Oxford University Press facade
Oxford University Press facade
Credit: OUP

Oxford University Press

Oxford University Press (OUP) is a department of the University of Oxford, and shares the mission to further excellence in research, scholarship, and education by publishing worldwide.

Oxford University Press publishes for three primary markets: research, education, and English language teaching. Its mission is to create world-class academic and educational resources and make them available as widely as possible.


Oxford University Press (OUP) has a rich history which can be traced back to the earliest days of printing. The first book was printed in Oxford in 1478, just two years after Caxton set up the first printing press in England. The University was involved with several printers in Oxford over the next century.

From the late 1800s OUP began to expand significantly, opening the first overseas office in New York in 1896. Other international branches followed, including Canada (1904), Australia (1908), India (1912), and Southern Africa (1914).

Today, OUP is a global organization with more than 5,000 employees worldwide.


OUP products and services are sold in most of the countries of the world in a wide range of languages. It delivers an annual turnover of more than £800 million.

Products cover a broad academic and educational spectrum, partnering with technology providers to make content available to users in a range of formats. A growing proportion of content published by OUP is produced primarily as digital outputs, from research articles to school workbooks.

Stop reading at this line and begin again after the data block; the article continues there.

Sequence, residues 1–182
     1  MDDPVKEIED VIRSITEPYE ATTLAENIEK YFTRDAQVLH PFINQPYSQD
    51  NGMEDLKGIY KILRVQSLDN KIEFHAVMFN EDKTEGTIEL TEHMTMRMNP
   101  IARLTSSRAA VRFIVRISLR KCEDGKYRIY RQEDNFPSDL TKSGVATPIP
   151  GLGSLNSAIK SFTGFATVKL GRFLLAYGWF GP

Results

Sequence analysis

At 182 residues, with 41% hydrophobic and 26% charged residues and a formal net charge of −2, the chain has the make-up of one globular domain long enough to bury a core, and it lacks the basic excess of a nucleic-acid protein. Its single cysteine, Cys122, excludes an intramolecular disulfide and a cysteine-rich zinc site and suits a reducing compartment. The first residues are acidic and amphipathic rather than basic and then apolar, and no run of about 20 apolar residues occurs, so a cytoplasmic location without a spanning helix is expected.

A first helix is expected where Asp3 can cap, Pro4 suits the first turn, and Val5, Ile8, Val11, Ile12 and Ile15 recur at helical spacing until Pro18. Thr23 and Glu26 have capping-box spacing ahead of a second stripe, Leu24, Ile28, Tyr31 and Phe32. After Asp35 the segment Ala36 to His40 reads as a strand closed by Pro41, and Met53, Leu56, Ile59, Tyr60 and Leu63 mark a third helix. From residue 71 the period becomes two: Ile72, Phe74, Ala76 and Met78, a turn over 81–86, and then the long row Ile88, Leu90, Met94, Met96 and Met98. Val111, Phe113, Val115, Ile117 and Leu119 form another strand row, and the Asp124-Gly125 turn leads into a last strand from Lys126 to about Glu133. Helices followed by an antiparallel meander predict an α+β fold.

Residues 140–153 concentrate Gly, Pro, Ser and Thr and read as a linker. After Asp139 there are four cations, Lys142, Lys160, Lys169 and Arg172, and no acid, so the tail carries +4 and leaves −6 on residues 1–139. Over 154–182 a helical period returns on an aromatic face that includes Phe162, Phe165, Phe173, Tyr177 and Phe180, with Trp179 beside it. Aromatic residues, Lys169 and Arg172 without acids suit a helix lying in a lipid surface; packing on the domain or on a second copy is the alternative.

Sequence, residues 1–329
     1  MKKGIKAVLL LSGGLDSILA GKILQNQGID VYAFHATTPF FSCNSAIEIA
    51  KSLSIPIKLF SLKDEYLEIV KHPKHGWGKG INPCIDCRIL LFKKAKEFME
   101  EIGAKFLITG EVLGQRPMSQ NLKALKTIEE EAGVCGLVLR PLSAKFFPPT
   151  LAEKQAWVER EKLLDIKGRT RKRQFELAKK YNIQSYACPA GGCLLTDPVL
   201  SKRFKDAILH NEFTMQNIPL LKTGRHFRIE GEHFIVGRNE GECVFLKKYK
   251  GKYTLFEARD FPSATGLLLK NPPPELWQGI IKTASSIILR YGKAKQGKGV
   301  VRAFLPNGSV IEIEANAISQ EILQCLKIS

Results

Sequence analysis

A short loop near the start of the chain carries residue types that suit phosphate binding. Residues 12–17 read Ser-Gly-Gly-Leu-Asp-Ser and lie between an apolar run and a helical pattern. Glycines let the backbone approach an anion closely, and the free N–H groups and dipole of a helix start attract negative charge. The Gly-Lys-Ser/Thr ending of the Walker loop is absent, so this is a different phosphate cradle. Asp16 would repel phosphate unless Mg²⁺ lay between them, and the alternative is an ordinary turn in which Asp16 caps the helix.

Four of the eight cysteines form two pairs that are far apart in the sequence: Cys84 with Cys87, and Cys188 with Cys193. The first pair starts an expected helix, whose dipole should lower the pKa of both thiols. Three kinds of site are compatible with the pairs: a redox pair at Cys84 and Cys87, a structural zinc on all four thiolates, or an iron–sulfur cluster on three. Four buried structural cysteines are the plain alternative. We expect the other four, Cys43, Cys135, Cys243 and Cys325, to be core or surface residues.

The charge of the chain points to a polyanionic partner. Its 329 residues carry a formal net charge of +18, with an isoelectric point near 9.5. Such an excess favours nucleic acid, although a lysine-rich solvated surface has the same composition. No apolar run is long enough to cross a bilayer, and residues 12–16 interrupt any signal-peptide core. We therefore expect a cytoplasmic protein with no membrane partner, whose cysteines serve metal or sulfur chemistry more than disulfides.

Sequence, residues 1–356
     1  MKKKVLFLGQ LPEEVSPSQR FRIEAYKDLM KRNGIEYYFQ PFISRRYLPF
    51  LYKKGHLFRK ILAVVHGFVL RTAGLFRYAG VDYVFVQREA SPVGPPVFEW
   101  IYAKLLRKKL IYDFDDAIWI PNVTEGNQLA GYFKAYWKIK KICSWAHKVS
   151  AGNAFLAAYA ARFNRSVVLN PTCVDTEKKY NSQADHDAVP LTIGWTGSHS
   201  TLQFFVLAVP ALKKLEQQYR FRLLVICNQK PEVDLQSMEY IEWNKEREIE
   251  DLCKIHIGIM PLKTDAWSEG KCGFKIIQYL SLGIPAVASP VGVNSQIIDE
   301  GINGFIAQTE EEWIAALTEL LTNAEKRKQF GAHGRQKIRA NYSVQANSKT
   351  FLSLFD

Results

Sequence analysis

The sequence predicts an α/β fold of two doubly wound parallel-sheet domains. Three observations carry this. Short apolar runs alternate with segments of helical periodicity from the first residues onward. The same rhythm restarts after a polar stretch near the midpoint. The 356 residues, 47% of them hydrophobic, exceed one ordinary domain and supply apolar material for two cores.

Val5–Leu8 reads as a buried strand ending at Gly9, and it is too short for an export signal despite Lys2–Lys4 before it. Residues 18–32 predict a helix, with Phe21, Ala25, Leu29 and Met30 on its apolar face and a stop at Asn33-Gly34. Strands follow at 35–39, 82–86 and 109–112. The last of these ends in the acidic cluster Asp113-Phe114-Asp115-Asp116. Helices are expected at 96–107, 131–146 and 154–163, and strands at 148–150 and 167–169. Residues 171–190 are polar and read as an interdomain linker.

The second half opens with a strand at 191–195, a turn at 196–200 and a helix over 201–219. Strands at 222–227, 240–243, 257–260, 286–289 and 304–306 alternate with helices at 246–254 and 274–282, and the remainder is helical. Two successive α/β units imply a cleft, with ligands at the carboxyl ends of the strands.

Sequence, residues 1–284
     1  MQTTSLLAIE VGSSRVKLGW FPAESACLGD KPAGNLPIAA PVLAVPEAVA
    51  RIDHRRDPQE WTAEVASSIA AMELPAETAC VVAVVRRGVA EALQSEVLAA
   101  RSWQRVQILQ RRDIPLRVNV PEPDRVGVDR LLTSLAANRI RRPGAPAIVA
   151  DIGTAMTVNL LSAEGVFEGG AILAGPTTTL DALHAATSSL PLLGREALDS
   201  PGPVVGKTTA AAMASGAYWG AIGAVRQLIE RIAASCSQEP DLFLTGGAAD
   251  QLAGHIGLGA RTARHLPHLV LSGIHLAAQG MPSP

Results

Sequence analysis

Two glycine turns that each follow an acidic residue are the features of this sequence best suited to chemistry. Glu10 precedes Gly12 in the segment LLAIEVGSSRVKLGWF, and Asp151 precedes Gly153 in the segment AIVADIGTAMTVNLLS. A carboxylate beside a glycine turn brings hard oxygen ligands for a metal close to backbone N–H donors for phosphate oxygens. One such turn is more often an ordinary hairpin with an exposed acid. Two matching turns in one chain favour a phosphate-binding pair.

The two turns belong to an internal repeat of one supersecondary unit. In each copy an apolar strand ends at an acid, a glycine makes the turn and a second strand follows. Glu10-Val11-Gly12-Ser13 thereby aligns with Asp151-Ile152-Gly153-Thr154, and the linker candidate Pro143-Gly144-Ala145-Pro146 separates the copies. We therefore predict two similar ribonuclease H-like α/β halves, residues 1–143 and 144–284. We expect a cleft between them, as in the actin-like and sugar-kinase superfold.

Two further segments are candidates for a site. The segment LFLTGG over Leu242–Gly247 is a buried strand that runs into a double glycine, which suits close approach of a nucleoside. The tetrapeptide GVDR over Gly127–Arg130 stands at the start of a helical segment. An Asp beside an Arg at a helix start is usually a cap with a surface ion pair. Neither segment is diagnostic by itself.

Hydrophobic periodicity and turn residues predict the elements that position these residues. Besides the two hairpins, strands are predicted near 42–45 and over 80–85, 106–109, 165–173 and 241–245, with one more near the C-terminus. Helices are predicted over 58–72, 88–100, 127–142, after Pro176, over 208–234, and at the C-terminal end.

OUP has become familiar to millions through a diverse publishing program that includes scholarly works in all academic disciplines, bibles, music, school and college textbooks, children's books, materials for teaching English as a foreign language, dictionaries, and academic journals. 

The main criteria when evaluating a new title for publication are its quality and whether it supports the aims of furthering education and disseminating knowledge.


OUP's governance structure is written into the University of Oxford statutes. The affairs of Oxford University Press are overseen by a group of delegates appointed from the academic staff of the University.

The Delegacy meets fortnightly during academic term-time under the chairmanship of the Vice-Chancellor, receives reports on the management of OUP from the Chief Executive and Finance Committee, and reviews and authorizes publications.

The Delegacy has established a Finance Committee which, under the general authority of the Delegates, directs and manages the business, assets, and finances of the Press. The Finance Committee consists of a chairman elected by the Delegates, the Vice-Chancellor, the Senior Proctor, six Delegates, and four individuals possessing high qualifications in business or finance (comparable to independent non-executive directors on corporate boards), together with the Chief Executive, the OUP Finance Director, and up to five senior officers of the Press appointed by the Delegates.

The Chief Executive of the Press is responsible for running Oxford University Press, and is also known by the traditional title of Secretary to the Delegates.

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